The victim in last week’s fatal incident at a Qawra bar had allegedly been coughing onto the bar owner’s drink, triggering the one-minute fight that ended in a deadly push down the bar steps onto the pavement below. 

Details of the incident came to light on Thursday during the first hearing of the compilation of evidence against David Busuttil, the 59-year-old owner of Munchies pub, who is facing murder charges over the fight which broke out in the very early hours of Friday.

It was a quiet evening at the pub and shortly before the unfortunate episode, Busuttil had been watching a game of darts inside the bar, alongside Kieran Micallef, a friend who occasionally lent a hand at the pub.

It was some time past midnight when trouble brewed.

The victim, Roger Dudley-Ward, had gone to the pub along with a friend, London-born Shane Eagle, who witnessed the whole incident and testified about the dynamics of the argument on Thursday.

All three were gathered around a high table on the patio outside the bar in Triq it-Turisti.

Busuttil was sipping a Captain Morgan with ginger ale while the other two men were drinking beer out of cans.

While Busuttil discussed time share business with Eagle, Dudley-Ward, who appeared to have had one drink too many, repeatedly interrupted the conversation, in spite of the bar owner telling him to shut up. 

Then Dudley-Ward began to cough, over and over, without turning away from the table.

That somewhat “extravagant” coughing was audible in footage retrieved from the CCTV cameras which had captured the entire sequence of events, said prosecuting Inspector Shaun Pawney when testifying.

“However, he appeared to be covering his mouth.”

That unwelcome coughing triggered a reaction by Busuttil who suddenly flung the contents of his glass straight at the other man, then got up and was about to make his way inside when Dudley-Ward went after him.

“I was putting my hands up all the time. I wasn’t coughing at you,” the man insisted.

He then suddenly flung the contents of his beer can at Busuttil.

That was the point when the argument turned physical.

Busuttil shoved the other man towards the steps, but Micallef, who had been smoking a cigarette outside, grabbed him and stopped him from falling.Busuttil then hit out at the man, on the side and back.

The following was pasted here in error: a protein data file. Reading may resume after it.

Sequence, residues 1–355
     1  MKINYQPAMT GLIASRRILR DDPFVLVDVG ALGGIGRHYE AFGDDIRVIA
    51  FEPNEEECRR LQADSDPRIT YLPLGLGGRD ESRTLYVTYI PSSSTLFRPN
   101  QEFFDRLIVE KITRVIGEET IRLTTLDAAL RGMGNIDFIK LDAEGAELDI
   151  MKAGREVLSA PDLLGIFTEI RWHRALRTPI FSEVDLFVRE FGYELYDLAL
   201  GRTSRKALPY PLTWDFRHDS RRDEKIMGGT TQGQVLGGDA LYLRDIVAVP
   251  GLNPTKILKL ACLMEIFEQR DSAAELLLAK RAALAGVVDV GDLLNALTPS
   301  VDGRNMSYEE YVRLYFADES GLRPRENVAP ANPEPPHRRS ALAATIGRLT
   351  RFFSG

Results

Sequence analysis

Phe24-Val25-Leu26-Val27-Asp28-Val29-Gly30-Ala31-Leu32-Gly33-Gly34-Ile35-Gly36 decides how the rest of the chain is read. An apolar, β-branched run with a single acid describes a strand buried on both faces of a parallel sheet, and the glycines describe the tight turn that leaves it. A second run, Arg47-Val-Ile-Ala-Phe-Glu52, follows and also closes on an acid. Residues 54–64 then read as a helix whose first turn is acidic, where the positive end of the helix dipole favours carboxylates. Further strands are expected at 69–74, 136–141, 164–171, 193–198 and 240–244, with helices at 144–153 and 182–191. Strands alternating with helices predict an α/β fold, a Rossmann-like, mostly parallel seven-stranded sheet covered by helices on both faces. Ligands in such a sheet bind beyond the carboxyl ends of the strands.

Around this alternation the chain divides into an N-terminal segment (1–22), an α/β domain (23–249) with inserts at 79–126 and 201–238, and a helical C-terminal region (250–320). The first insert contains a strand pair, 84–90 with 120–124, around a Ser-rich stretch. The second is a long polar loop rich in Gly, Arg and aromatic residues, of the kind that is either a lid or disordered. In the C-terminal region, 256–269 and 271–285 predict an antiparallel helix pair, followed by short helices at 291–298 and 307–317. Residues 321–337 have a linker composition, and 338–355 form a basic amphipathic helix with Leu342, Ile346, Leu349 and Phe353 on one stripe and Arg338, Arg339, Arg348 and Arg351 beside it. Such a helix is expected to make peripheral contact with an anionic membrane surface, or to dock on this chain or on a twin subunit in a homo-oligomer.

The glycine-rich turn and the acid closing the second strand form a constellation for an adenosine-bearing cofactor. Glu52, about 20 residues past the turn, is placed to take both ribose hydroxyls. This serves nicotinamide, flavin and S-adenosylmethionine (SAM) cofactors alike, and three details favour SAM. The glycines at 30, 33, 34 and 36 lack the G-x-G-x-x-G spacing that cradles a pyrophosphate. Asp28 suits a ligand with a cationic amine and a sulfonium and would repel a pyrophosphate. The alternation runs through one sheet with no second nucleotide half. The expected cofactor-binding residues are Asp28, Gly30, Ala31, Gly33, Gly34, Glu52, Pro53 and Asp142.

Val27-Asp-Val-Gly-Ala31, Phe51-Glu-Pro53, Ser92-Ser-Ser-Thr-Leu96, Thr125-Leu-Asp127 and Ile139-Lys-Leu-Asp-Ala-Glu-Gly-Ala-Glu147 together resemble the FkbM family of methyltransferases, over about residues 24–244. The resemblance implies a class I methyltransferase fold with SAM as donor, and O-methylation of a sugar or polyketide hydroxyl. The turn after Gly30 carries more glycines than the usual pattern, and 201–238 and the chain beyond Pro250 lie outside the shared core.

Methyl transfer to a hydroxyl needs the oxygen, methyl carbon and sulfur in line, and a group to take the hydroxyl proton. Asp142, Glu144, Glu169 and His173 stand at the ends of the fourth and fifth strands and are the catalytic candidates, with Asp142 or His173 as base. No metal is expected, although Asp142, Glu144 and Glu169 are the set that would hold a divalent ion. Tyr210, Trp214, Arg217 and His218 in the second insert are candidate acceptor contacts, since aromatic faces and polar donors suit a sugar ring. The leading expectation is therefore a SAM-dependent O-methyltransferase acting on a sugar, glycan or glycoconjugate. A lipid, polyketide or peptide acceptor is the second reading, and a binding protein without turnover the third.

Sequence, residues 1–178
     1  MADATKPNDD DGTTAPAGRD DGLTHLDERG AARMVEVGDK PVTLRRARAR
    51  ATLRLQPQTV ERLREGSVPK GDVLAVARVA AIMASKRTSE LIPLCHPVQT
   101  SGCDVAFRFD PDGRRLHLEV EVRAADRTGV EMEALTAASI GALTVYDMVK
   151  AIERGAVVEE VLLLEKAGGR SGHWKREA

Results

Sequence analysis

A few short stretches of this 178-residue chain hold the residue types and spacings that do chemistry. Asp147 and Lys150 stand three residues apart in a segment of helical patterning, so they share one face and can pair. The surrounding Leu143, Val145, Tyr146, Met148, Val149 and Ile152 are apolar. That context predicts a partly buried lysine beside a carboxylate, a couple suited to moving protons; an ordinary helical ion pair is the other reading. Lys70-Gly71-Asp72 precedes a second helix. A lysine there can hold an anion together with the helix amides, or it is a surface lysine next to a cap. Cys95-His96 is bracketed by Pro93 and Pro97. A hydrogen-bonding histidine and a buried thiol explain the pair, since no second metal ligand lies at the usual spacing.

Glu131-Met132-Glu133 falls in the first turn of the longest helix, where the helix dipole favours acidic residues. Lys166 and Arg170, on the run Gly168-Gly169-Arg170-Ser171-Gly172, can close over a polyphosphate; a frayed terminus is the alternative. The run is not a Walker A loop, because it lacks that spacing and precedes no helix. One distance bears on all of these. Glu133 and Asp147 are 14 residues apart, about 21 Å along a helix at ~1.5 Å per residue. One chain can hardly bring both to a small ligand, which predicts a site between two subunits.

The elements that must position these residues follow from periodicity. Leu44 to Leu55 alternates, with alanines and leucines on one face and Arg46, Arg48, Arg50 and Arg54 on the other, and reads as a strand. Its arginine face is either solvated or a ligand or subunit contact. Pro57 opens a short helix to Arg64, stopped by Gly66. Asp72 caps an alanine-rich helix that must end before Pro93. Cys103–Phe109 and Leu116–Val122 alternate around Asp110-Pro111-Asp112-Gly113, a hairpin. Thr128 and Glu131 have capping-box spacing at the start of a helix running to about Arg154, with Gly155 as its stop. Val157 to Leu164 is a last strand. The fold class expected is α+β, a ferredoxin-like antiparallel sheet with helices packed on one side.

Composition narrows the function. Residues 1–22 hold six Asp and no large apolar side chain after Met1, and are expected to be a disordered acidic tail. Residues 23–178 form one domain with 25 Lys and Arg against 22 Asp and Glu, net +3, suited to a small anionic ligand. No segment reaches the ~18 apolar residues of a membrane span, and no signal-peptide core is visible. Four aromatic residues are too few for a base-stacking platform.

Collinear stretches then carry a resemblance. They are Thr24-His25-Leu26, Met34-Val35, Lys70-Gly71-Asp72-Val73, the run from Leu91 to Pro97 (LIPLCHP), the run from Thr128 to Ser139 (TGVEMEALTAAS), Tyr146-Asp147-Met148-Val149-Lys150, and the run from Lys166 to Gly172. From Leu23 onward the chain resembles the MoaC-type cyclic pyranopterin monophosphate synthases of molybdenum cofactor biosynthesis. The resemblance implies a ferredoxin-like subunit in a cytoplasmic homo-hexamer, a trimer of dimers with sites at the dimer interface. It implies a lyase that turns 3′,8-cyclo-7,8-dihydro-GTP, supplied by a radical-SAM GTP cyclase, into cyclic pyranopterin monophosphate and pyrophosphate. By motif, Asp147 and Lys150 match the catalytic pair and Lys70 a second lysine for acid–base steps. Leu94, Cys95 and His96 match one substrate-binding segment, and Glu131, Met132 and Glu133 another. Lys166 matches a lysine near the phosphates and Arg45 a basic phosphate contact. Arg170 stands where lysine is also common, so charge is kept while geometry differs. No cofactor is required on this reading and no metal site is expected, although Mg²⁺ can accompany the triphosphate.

As Dudley-Ward walked back up the steps to the patio, in the direction of his mobile phone which had fallen on the first step, Busuttil kicked him on the chin, allegedly causing the fatal fall.  

The victim smashed his head on the pavement and did not stir. 

Some seven minutes later, it was Busuttil himself who dialled emergency for an ambulance.

The barman could be heard telling some unidentified third party outside the bar that “he [Dudley-Ward] was coughing into my glass”.

The entire fight lasted no longer than one minute, explained the inspector.

That evening the victim had just returned from a holiday in Istanbul and was in “a very good mood,” telling his friend Shane all about the trip when the two met at the pub. 

He recalled how the mood changed when David began to tell Roger to “shut up” when he butted into their conversation, but could not remember his friend’s coughing, although he did recall David telling him not to cough. 

After the final fall, he held the victim on the pavement, his hands and arms covered in blood.

“He wasn’t that conscious but at one point he grabbed my hand away from the back of my head… He bled in my arms,” said the witness. 

Accused insisted he never intended to harm victim

Micallef also testified on Thursday, explaining that the alleged victim had been served some four or five beers that evening. 

He did not witness the final fall but recalled how he had provided an ice pack for the injured man.

However, he only got to know of his death the following morning.

“The next day I woke up and saw the news. I had no idea. I expected Roger to come back with sutures.”

The prosecution said that Busuttil insisted that he never intended to harm the victim but had simply been defending himself, explaining that the other man was “a tall, big guy”.

A medico-legal forensic expert later confirmed that the victim had a very high level of alcohol in his blood, around 220mg, even at the autopsy.

He had died due to haemorrhage suffered as a result of the blow to the head when he landed on the pavement. Call data from the accused’s phone showed a missed call and a message to a third party who operated the surveillance cameras at the pub. 

The prosecution interpreted that as an attempt to tamper with evidence even in light of the fact that Busuttil allegedly told an officer, while having a smoke at the police headquarters, that he wished he could “get rid of his mobile and DVR because that was the only evidence in police hands”.

But that allegation was strongly contested by defence lawyer Franco Debono when making submissions on bail.

There were tears of relief from the accused and his relatives in the courtroom when Magistrate Doreen Clarke upheld the request for bail against a deposit of €10,000, a personal guarantee of €10,000, signing the bail book twice a week and on condition of keeping away from prosecution witnesses.

The case continues in August.

AG lawyers Nathaniel Falzon and Francesco Refalo assisted inspector Pawney. Lawyer Marion Camilleri was also defence counsel. 

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